Zeke Proctor also was a half-breed Cherokee Indian, and when history has granted him the justice of perspective, we shall know him as a picturesque man of many figures, resourceful, self-reliant and bold; adapting himself to diverse circumstances and conditions, meeting each cheerfully, with confidence in himself in dangers and perils, by which he had been educated.  He was a strong man with a strong man’s virtues and a strong man's vices.  He served as sheriff of Goingsnake District, Cherokee Nation, Indian Territory, which is now Adair County, Oklahoma, for a number of years. He wore his long black hair hanging down his back, typical of his race.  He had keen, black eyes which could look with stern retribution from their depths, or with a smile that would illuminate his whole face. He always carried a gun buckled to his hip, and would never sit with his back to any man.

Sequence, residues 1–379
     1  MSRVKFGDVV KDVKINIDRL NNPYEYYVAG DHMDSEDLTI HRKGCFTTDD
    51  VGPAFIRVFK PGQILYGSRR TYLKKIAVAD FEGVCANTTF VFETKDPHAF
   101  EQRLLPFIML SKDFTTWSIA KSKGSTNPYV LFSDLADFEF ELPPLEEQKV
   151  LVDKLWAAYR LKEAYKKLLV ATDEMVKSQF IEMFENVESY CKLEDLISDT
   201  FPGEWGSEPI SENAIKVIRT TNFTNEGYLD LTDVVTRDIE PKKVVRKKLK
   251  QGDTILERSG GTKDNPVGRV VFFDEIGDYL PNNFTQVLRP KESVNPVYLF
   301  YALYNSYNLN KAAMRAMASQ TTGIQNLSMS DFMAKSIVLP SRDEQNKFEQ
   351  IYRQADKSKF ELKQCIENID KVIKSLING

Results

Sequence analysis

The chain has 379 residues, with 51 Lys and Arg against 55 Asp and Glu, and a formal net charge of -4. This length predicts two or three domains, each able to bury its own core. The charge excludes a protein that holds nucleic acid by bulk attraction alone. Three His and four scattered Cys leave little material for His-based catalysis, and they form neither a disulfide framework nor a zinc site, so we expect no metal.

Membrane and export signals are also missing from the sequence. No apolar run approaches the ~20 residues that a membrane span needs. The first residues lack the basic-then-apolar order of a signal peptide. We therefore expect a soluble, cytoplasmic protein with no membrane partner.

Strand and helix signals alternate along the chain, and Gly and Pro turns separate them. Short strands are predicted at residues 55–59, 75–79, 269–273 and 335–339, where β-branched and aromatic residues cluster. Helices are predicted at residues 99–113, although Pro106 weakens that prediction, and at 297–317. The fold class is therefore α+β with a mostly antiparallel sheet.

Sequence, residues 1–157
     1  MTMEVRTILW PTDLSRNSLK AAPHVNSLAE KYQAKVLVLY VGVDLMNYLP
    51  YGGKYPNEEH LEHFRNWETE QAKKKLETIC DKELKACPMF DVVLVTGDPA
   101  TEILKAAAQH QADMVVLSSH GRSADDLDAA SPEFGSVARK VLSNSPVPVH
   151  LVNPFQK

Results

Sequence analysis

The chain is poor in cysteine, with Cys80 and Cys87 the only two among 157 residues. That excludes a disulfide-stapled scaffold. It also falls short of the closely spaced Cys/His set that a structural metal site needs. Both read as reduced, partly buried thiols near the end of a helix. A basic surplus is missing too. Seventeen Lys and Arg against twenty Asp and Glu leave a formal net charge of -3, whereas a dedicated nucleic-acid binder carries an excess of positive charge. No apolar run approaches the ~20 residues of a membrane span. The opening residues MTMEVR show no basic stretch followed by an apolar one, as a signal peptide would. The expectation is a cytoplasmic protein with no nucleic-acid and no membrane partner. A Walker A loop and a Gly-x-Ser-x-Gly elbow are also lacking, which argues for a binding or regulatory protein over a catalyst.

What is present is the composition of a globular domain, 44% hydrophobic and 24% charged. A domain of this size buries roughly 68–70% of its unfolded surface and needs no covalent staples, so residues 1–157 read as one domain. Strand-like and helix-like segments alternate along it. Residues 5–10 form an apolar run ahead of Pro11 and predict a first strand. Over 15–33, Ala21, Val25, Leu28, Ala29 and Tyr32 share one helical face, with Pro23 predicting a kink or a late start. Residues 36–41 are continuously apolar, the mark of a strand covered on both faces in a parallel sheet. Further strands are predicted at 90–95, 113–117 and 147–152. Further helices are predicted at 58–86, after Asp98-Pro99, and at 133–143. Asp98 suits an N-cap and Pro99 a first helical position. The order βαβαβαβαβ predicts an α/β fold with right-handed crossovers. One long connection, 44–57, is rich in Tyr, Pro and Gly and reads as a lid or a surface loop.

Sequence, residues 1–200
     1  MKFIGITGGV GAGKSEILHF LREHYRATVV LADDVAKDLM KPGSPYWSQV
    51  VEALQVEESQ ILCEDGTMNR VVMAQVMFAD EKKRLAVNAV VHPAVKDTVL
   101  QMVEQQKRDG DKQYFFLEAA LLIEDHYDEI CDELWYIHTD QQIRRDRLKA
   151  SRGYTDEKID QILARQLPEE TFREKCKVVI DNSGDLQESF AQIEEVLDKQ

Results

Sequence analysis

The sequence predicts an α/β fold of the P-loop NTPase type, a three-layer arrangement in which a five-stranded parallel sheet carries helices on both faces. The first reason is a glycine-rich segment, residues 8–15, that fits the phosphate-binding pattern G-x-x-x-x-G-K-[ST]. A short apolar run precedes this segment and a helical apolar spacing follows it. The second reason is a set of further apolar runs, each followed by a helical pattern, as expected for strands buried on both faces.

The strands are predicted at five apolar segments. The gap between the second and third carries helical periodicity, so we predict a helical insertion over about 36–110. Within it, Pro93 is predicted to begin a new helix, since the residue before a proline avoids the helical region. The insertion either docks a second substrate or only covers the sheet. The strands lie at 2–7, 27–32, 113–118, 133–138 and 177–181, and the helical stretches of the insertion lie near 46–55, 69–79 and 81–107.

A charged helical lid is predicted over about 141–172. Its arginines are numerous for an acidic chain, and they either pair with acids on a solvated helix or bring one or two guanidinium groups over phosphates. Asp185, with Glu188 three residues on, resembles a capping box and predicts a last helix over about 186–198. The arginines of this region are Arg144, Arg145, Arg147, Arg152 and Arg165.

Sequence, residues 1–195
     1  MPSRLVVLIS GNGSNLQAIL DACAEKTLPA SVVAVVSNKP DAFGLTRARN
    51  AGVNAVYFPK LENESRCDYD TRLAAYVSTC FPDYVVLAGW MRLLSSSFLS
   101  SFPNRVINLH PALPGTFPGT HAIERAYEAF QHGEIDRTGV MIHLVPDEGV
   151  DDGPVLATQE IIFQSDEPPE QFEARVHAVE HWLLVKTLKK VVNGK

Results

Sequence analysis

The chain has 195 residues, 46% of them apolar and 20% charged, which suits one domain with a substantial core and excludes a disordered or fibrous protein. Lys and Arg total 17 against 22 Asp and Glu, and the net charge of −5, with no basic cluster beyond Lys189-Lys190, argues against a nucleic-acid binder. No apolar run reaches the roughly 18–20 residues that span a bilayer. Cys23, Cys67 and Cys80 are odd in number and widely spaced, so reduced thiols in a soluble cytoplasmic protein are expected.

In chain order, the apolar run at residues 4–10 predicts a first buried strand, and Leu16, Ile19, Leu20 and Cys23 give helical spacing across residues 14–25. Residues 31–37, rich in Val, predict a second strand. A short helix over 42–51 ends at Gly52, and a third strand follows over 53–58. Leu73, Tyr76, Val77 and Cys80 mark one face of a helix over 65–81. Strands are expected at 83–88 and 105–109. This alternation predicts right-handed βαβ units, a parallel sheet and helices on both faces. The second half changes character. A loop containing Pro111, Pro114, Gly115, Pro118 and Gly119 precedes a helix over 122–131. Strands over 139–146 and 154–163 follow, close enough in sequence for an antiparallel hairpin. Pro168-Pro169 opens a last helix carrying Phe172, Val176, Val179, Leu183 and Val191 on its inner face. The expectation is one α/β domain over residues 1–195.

It was some time during the month of February, 1872, that Proctor and Kesterson began having trouble over some stock, Proctor lived about ten miles from the Hilderbrand Mill.  One morning he saddled his horse and rode to the mill to talk the matter over with Kesterson.  He found both Mr. and Mrs. Kesterson in the mill.  He bade them the time of day, and their talk drifted to the trouble about the stock.  Finally they got into a heated argument, and it would be impossible to tell all that was said, as I am only telling it as I heard it told.

Proctor, seeing Kesterson reaching for his gun, drew his own gun and fired.  Mrs. Kesterson, thinking that she might save her husband, had run in between the two men, and the bullet intended for Kesterson entered her breast, killing her instantly.  Kesterson then ran up the steps to the second story of the mill, Proctor firing two more shots at his retreating figure, shooting two holes in the latter’s coat.

Proctor then mounted his horse and rode away.  Arriving at his home, he told his folks what he had done.  He then sent a man to tell Jack Wright (my brother-in-law) who was sheeriff of Goingsnake District, of the affair.

Jack Wright lived about five miles east of Barren Fork.  When the man had delivered Proctor's message to him, he went over and arrested Proctor, placed a guard over him and reported the case to the prosecuting attorney.